Bundle Magic

I have thought about the similarities of carrying a bundle and having ready-at-hand a smartphone. Both are portable and both offer access to a phenomenological experience that lifts one out of the now into a future-to-be-built-on-the-past. As Beth Cuthand says about bundles

And where he walks, his bundle walks
humming softly old sounds in new time.

     Closing lines of "His Bundle" in Voices in the Waterfall (Lazara Press, 1989)
The affinities came to mind again in reading this piece from the Globe & Mail.

Can we ever kick our smartphone addiction? Jim Balsillie and Norman Doidge discuss
Privacy and mental health are inextricably linked, especially for young people. You need periods of privacy to form a self and an identity, a task not completed until at least the late teens. Having an autonomous, spontaneous self is the result of a long psychological process where you have time to "step back" from the crowd, and from your parents, to reflect. It requires time to let that self – your true feelings, your own quirky, uncurated reactions – emerge, spontaneously.
Time alone with the objects of one's bundle.

But the smartphone in their account falls short. A note of caution is sounded — one of the technologies delivered by a smartphone is a net to capture attention:
The new phones foster enmeshment with parents, and the world, and hamper individuation, the process of becoming a unique individual, because kids are overconnected. And peer groups at that age can be Lord of the Flies cruel – and often love to mercilessly hunt down, expose and denounce the eccentricities of emerging individuals.
Still, even in that enmeshment there must be uncurated moments where one uncrates history. Still.
Louis David, to you
   I transfer my bundle.
It is small and humble
   wrapping little things,
   a bone
   from the last buffalo,
   a stone
   from the Assiniboine,
   a small pipe and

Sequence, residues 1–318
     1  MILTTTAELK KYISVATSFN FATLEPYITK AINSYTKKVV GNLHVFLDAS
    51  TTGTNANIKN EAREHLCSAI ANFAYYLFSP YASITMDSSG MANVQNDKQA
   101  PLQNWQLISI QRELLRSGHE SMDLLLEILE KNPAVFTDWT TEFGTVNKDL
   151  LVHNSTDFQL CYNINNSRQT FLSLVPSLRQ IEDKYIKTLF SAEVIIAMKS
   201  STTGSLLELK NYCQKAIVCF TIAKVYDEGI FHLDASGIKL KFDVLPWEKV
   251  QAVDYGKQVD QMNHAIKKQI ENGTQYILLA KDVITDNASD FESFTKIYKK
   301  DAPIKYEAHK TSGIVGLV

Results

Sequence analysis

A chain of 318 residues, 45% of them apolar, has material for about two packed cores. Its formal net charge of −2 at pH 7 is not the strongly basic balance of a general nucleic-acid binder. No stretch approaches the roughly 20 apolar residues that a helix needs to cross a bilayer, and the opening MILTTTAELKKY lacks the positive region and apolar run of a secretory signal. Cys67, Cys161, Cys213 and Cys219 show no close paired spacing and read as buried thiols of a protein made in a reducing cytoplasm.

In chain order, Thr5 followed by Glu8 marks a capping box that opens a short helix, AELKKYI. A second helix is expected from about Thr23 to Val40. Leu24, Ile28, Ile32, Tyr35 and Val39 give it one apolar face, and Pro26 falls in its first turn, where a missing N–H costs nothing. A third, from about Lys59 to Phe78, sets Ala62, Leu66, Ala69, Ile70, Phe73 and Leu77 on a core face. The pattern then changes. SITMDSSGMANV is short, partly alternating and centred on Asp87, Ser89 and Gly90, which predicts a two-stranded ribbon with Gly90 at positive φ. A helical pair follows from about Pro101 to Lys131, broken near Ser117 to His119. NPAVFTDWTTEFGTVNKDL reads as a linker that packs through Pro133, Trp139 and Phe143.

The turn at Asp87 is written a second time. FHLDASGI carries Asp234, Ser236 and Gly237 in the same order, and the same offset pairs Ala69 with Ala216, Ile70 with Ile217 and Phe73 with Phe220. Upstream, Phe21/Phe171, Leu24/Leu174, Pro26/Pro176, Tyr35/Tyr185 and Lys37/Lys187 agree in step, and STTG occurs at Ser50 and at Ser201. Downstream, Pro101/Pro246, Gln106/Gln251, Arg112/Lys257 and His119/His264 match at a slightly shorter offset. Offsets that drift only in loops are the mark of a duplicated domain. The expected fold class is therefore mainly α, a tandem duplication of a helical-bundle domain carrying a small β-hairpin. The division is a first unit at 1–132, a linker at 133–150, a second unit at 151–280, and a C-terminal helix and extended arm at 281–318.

tobacco pouch
   a feather
   from the broken wing
   of one
   who flew too low.

From Beth Cuthand "He Told Me" in Voice in the Waterfall
On being tracked (and not being located)...
In Star Trek: The Original Series (TOS), communicators functioned as a plot device, stranding characters in challenging situations when they malfunctioned, were lost or stolen, or went out of range. (Otherwise, the transporter could have allowed characters to return to the ship at the first sign of trouble, ending the storyline prematurely.[1]) https://en.wikipedia.org/wiki/Communicator_(Star_Trek)
On carrying (and being carried)...
In many Indigenous cultures, bundles play an important role in health and well-being. Physical bundles (i.e. a collection of sacred items that are important to a given person, such as eagle feathers, medicines, a pipe, etc.) are often carried by Indigenous peoples attending ceremony. Similarly, some Indigenous cultures believe that when a child is born they come into the world with a spiritual bundle which holds all of the gifts the Creator gave to them. Both physical and spiritual bundles serve the purpose of helping a person to engage with creation in a healthy and balanced way.

Working with Indigenous families: An engagement bundle for child and youth mental health agencies published by Ontario Centre of Excellence for Child and Youth Mental Health.
Exploring the techne analogies further one comes to appreciate the temporality of use which leads to either interrupted stories or disruptions for stories? Breaks in time to produce the privacy necessary for a strong sense of self.

And so for day 2096